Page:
What if Canadians could vote?

Canadians would vote yes on freedom to access abortion services, yes to climate action and no to breaking up the CPP

Feb 26, 2024

In our latest national spark*insights survey, we explored the idea of adding plebiscite questions to a ballot that voters could use to express their preferences at the time of the next election. These findings are based on a national online survey of 2876 adult Canadians, conducted online, between the dates February 9th and 19th, 2024.

Do Canadians like the idea of plebiscites?

We posed this question: Some have suggested that when Canadians vote in the next election there should also be a chance to offer your opinion on 2-3 questions of public policy at the same time as you are voting for the candidate of your choice... unlike in a referendum, the results would help inform the next government but wouldn't require action. Would you say this is a good idea or a bad idea...

A very large majority (82%) said this was a good idea, including 26% who said it was a very good idea. Support for the idea was widespread across all generations, regions, and subgroups of the population. More than 80% of the supporters of every major party endorse the idea.

We then asked people how they would vote on three hypothetical questions. 

Should the Canada Pension Plan be maintained as a national program?

88% said they would vote yes, including 91% of Liberal voters, 92% of NDP voters, 89% among BQ voters, and 83% among Conservative voters.

Should women have the freedom to access abortion services in Canada?

84% would vote yes, including 90% of Liberal voters, 91% of NDP voters, and 78% among Conservative voters.

Should Canada put a priority on helping fighting climate change?

68% said they would vote yes, including 87% of Liberal voters, 82% of NDP voters, but just 48% among Conservative voters


Would adding plebiscite questions increase voter turnout?

The average turnout rate in the last five federal elections was 63.5%. We asked people if the presence of these questions on a ballot would increase the chances that they would vote.

A large majority said they would be more inclined to vote if each of the questions was put on a national ballot (71%-79% depending on the question), and between 40% and 48% said they would be “a lot more likely to vote”.

  • 73% said the abortion question would make them more inclined to vote, including 45% who said it would make them a lot more inclined to vote. The increase in potential turnout was more apparent among women, younger people, Liberal and NDP voters.
  • 71% said the climate question would make them a lot more inclined to vote, including 40% who said it would make them a lot more inclined. The increase in potential turnout was more apparent among women, Quebecers, younger people, Liberal and NDP voters.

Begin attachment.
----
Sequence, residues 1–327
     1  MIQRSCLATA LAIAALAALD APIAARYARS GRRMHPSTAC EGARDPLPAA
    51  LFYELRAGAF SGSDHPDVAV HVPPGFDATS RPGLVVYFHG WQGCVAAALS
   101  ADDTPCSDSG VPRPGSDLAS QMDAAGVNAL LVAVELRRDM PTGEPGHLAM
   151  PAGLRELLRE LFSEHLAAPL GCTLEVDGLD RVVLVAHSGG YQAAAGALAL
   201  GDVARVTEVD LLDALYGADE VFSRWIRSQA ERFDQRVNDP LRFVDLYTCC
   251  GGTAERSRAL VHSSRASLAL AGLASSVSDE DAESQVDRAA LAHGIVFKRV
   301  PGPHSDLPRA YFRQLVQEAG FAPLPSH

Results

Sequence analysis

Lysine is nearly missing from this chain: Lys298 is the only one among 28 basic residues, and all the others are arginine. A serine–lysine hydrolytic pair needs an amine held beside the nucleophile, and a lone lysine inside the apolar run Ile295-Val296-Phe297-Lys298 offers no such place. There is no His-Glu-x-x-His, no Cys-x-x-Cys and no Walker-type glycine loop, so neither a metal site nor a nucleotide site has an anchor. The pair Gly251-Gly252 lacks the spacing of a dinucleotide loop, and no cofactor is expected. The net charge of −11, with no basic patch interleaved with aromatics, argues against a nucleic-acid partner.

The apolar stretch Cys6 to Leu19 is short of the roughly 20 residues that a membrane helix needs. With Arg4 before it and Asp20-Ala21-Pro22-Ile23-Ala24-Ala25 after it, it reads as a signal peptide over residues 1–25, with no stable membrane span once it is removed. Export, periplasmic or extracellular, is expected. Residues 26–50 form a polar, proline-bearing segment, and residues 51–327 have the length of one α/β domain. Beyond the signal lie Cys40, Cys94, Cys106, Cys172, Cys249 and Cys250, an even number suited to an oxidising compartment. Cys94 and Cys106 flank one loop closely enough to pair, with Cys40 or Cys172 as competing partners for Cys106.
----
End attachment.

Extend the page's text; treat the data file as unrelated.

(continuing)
• 80% said the CPP question would make them more inclined to vote, including 50% who said a lot more inclined. The increase in potential turnout was more apparent among older people, Liberal and NDP voters.

Our Take

Bruce Anderson: “Politics has been highly charged around many issues, cultural and otherwise in recent years. Political leaders are often characterizing what they believe are broadly shared values, but in a time of such apparent polarization it could be interesting to use plebiscite questions as a way to let voters shape this discussion themselves. Our first past the post system really only allows us to draw inferences about how people feel about some of the larger values based or policy questions.

While the US regularly has many state and local level initiative ballots, and many countries including Switzerland, Italy, Ireland, France, and the UK have used national referendums on different issues – Canada has only taken the measure of public preferences this way on three occasions: 1898 on prohibition; 1942 on conscription; and 1992 on the Charlottetown Accord.

The response to these questions suggests that the public in Canada would welcome the use of plebiscite questions and that doing so could help boost voter turnout and public engagement in matters of national importance."

The data referenced were gathered online, with a representative sample of 2876 adults across Canada, between the dates February 9, 2024 and February 19, 2024.

About spark*insights

spark*insights is lead by Bruce Anderson, one of Canada’s leading and most experienced public opinion researchers, along with Alex Kohut, former Senior Manager of Research & Advertising in the Office of the Prime Minister. From polling and research to analysis and guidance, we help organizations, uncover the factors driving or influencing public perception to gain valuable insights into the shape and movement of the landscape.

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